Little Chief's Gatherings
The Smithsonian Institutions G.K. Warren 1855-1856 Plains Indian Collection
LITTLE CHIEF’S GATHERINGS is the fascinating story of the Smithsonian Institution’s Warren Collection, one of the earliest and largest scientific collections of Plains Indian material culture in existence. The Smithsonian Institution received this amazingly diverse and comprehensive gift from a young army lieutenant in 1856, before the American Civil War. Curiously, Gouverneur Kemble Warren never wrote or mentioned during his entire life where and how he had obtained such a significant assemblage.
Over the past 20 years, James A. Hanson has searched out every known piece of information about the material and the man who collected it, known to the Western Sioux as Little Chief. As Hanson’s lucid text reveals, the author finally solved the mystery of the collection’s origin and deduced why Warren shrouded that information in secrecy.
The first half of the book presents a synopsis of Warren’s life, including his career as one of the Union army’s most important generals. It also contains an analysis of the Plains Indian material he collected from the ruins of a Lakota or Sioux village after the Battle of Blue Water Creek in 1855, which shows that Lakota material culture included objects from both the northern and southern borders of the United States, and that it used sophisticated and diverse material, construction techniques, and designs.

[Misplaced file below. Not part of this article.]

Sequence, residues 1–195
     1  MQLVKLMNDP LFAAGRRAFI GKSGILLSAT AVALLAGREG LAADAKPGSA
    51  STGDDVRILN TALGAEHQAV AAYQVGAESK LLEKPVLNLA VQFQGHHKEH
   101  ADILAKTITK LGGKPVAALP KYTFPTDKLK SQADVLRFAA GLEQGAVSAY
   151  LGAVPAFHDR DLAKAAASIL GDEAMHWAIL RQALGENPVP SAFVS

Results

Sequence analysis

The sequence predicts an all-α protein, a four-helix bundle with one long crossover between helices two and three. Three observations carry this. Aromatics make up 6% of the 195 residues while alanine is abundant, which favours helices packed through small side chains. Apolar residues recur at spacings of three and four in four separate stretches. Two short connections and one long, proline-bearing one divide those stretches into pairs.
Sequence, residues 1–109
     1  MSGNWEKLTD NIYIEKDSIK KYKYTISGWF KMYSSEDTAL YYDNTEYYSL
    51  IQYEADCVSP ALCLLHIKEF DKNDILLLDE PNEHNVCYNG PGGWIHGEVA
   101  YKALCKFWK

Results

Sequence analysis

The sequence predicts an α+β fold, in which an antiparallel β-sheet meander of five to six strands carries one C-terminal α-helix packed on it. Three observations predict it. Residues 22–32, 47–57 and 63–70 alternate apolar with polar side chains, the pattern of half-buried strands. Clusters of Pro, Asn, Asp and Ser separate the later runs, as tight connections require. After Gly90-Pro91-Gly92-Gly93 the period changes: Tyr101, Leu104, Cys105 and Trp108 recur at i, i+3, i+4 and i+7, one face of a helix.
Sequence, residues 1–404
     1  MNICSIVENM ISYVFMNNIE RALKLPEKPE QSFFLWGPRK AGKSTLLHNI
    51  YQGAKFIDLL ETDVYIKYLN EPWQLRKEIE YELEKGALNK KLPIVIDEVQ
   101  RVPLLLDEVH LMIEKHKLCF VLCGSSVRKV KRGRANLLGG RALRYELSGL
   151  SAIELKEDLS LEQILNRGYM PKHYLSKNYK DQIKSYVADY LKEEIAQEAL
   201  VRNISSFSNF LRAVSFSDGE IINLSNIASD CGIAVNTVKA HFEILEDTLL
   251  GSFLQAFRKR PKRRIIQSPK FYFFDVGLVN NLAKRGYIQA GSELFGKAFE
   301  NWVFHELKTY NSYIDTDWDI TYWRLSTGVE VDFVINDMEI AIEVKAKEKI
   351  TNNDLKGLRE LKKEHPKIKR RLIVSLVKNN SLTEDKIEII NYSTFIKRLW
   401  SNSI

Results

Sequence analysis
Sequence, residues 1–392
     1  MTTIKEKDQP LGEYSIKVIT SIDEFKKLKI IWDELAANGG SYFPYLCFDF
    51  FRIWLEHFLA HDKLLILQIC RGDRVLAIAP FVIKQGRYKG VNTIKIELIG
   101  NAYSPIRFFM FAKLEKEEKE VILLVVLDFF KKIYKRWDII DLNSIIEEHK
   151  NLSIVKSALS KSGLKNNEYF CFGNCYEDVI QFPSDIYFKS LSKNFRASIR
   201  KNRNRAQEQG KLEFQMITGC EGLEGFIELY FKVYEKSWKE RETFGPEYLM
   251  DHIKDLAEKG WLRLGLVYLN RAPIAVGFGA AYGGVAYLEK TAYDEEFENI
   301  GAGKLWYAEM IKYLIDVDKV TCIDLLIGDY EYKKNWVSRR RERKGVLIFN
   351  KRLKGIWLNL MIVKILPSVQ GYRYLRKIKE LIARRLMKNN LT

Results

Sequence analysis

The section concludes by showcasing in word and picture the Smithsonian Institution’s entire Warren collection, much of which has not been seen by the public for over a century – Dozens of pony-beaded articles of clothing - dresses, leggings, a warshirt, a headdress, baby carriers, and moccasins, as well as quilled robes, trade blankets, tipi bags, pipes, a bow case, a complete set of horse gear, a knife sheath, children’s toys including the earliest known Plains Indian doll, etc. – are illustrated. Precise measurements and notes on construction materials and techniques are provided, including previously unknown information on the use of commercial dyes, bird feathers, and plant materials for quillwork.
The second section of the book contains verbatim transcripts of Warren’s diaries during his three years (1855-57) exploring the West. The original records are in the collection of the New York State Library. They contain important information about the Lakotas at the beginning of the Indian Wars. Warren attended numerous conferences with Plains tribes and recorded conversations with Indian leaders such as Little Thunder and Bear’s Rib.
These documents contain significant material about the geography and the history of the West, including the fur trade, tribal populations and locations, steamboating on the Missouri, Hispanics on the High Plains, and Western trails. Warren was the first official explorer to enter and examine the Black Hills, a feat which has been incorrectly credited to Custer. Warren’s original journals have never been published and are made available in print for the first time.
203 pp ~ 33 color photos ~ 58 b/w photos — ©1996